|_Iris marsica_ Ricci & Colas. (L. Ricci and Maretta Colasante, 1973, Mount Marsica, Abruzzi National Park, Appennines, Central Italy); Section Iris. SPEC. Flowering May-June; 27-32" (70-80 cm). Flowers violet, self or bitone, beard yellow or white. Ricci & Colasante in Annali Di Botanica (Roma) vol. 32: p. 217-35; 1973; 14 color illustrations.|
| Nigel Service gives the following note in The 1988 Iris Year Book, p.94-95; "To the east of Rome the southern continuation of the Appenine chain forms the Appenino Abruzzese. Here the Parco Nazionale d'Abruzzo was established in 1921 in an area of mountains of a much more benign appearance than the Portuguese ones, with well-cultivated valleys and rather too numerous tourist facilities. The centre of the area and headquarters of the park administration is the large village of Pescasseroli, and a number of other villages are also contained within the park.Here, in this area, is found Iris marsica Ricci & Colasante, described only in 1973 and not yet in general cultivation.
Iris marsica is a member of Section Iris, the Pogons, and is, in appearance (certainly to the casual observer), very like a form of I. germanica L. but is distinct in its rather sickle-shaped deciduous foliage and generally longer, less scarious spathes, as well as by its chromosome number and resultant high fertility. It is named after Monte Marsicano, a dominant peak in that part ot the Abruzzi.The leaves are light green, slightly glaucous, often falcate and broadest in the middle, about 12" long. The stem can reach 24", flattened, glaucous and usually clothed in its lower part by two sheathing leaves, one basal, the other arising from a node near the base and often closely enclosing the stem for all its length of about 4" to 6". There may, in addition, be two or three other short basal leaves. Normally there are two branches, the lower being about the length of its bract; the upper, if produced, is a shorter branch contained within the bract. There seems always to be at least one branch, this arising from a point more than halfway up the stem and approximating in both appearance and position to the lower branch of two branched stems.The spathe is rounded, slightly inflated, purple-marked, the upper quarter scarious by the time of opening of the first flower, the inner valve distinctly longer. There are usually 3 flowers at the apex. The pedicel is short and the ovary bluntly triangular in section.The perianth tube can reach nearly 1 ½". The standards are more or less elliptic with a narrow haft, about 3" X 1 ½", the falls obovate-cuneate, about 3" X 1 ¾" with a white beard tipped pale yellow which becomes wholly yellow in the haft. Both standards and falls are violet with the latter, as is usual in this section, darker and more intense in colour, sometimes with a paler margin, apparently. The style arms are witish with a violet crest and keel, the crest being acute-pointed and rather toothed. The filaments and anthers are both white and of about the same length, though apparently the filaments can also be blue. The pollen appears to be pale cream."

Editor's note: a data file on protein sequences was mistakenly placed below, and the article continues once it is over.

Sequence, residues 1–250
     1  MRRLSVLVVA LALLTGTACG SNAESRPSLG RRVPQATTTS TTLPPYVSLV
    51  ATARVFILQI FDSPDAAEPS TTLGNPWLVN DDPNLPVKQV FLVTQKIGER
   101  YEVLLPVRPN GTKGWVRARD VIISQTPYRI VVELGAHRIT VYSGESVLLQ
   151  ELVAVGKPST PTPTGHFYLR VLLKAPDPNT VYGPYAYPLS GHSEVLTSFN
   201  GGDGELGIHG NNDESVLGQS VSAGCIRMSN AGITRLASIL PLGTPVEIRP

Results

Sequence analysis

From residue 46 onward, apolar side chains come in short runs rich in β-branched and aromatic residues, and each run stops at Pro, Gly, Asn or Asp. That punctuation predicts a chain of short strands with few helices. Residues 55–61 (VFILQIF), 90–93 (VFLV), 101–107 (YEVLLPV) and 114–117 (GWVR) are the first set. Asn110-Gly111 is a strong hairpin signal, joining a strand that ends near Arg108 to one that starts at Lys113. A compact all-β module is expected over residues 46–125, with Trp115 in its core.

|Bulletin of the American Iris Society 292: 82-85. Jan. 1994 "Iris marsica Ricci and CalasantePerennial. Thick rhizome, knotted and more or less horizontal. Leaves ensiform and falcate, deciduous, up to 50 cm long, 5 cm wide, acute, often mucronate (4) apex, glaucous. Stem subcylindrical, branched with several (3 to 4) nodes, with a spathe on the first, height up to 80 cm, jutting out above the leaves, usually with 3 flowers, rarely 4.Scented flowers, violet, with perigonial tube twice the length of the ovary; the bracts, acute, herbaceous, often scarious (5) at the apex, slightly swollen; falls (6-8 x 2-4 cm) bearded, velvety, more or less obovate or spathulate, lightly erose at margins, violet sometimes black but always darker than the standards; standards (5.5-9 x 2.3-4.5 cm) elliptical, narrower base (lower third of the standard), often connivent at the apex (6), violet. Stamen with filament more or less the same length as the anther. Pollen pale yellow, monocolpic (7), the grains show the sexine variously arranged in sculptures (baculae, clavae, pile) partially joint at the apex to show short murti.Stigma with upper lip acutely bifid with toothed margin, the lower lip smooth.Ovary (about 1.5 to 2.3 cm), oblong, somewhat trigonal with three grooves.Capsule oblong-ovioid with six grooves of which three are more apparent (3 + 3).Seeds bright brown to reddish, without anI.It is found in central Italy in the Abruzzes National Park. Reported also, but not for certain, in the Marche and Latium, on Monte Ernici, up to an altitude of 1800 m.Flowering in May-June.Holotype (RO): Val di Rose, Civitella Alfedena, Abruzzi, Italy, 1973. Described and named by Ricci and Colasante.Number of chromosomes: 2n = 40."|
|JPG||Marsica.JPG||manage||72 K||30 Jan 2011 - 13:42||IrisP|
|jpg||Untitled-2.jpg||manage||407 K||26 Aug 2016 - 20:13||BobPries||Colasante sketch|
|JPG||marsica01.JPG||manage||476 K||07 May 2019 - 02:51||Main.TLaurin||Photo by Carol Lankow|
|JPG||marsica02.JPG||manage||495 K||07 May 2019 - 02:53||Main.TLaurin||Photo by Carol Lankow|
|JPG||marsica03.JPG||manage||480 K||07 May 2019 - 02:55||Main.TLaurin||Photo by Carol Lankow|
|jpg||marsica1.jpg||manage||225 K||14 Jun 2016 - 21:23||Main.TLaurin||Photo by Marty Shafer/Jan Sacks-Joe Pye Weed's Garden|
|jpg||marsica2.jpg||manage||275 K||14 Jun 2016 - 21:24||Main.TLaurin||Photo by Marty Shafer/Jan Sacks-Joe Pye Weed's Garden|